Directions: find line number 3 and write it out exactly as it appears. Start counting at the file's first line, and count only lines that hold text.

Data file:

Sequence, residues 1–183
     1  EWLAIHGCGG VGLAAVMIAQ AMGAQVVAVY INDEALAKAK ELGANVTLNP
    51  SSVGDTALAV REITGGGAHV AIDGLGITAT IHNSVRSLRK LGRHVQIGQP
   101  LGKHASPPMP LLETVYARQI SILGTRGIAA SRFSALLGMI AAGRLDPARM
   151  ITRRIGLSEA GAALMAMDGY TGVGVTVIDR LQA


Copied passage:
    51  SSVGDTALAV REITGGGAHV AIDGLGITAT IHNSVRSLRK LGRHVQIGQP